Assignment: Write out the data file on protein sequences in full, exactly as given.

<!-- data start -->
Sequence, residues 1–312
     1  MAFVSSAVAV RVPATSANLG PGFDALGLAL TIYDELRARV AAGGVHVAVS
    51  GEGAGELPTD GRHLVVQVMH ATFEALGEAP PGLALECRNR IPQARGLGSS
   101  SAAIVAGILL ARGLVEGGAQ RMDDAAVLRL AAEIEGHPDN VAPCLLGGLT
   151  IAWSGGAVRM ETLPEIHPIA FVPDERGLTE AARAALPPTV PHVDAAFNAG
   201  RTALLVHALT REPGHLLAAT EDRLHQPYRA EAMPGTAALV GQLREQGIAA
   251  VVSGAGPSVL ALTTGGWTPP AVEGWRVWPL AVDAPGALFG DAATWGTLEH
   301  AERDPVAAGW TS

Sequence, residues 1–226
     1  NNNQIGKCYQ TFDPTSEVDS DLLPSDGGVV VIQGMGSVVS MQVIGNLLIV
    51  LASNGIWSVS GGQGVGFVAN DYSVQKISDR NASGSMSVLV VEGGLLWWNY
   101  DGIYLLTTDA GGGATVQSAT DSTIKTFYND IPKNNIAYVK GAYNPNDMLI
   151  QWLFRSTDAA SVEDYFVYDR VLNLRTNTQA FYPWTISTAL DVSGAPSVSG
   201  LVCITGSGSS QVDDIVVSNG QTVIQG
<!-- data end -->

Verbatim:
Sequence, residues 1–312
     1  MAFVSSAVAV RVPATSANLG PGFDALGLAL TIYDELRARV AAGGVHVAVS
    51  GEGAGELPTD GRHLVVQVMH ATFEALGEAP PGLALECRNR IPQARGLGSS
   101  SAAIVAGILL ARGLVEGGAQ RMDDAAVLRL AAEIEGHPDN VAPCLLGGLT
   151  IAWSGGAVRM ETLPEIHPIA FVPDERGLTE AARAALPPTV PHVDAAFNAG
   201  RTALLVHALT REPGHLLAAT EDRLHQPYRA EAMPGTAALV GQLREQGIAA
   251  VVSGAGPSVL ALTTGGWTPP AVEGWRVWPL AVDAPGALFG DAATWGTLEH
   301  AERDPVAAGW TS

Sequence, residues 1–226
     1  NNNQIGKCYQ TFDPTSEVDS DLLPSDGGVV VIQGMGSVVS MQVIGNLLIV
    51  LASNGIWSVS GGQGVGFVAN DYSVQKISDR NASGSMSVLV VEGGLLWWNY
   101  DGIYLLTTDA GGGATVQSAT DSTIKTFYND IPKNNIAYVK GAYNPNDMLI
   151  QWLFRSTDAA SVEDYFVYDR VLNLRTNTQA FYPWTISTAL DVSGAPSVSG
   201  LVCITGSGSS QVDDIVVSNG QTVIQG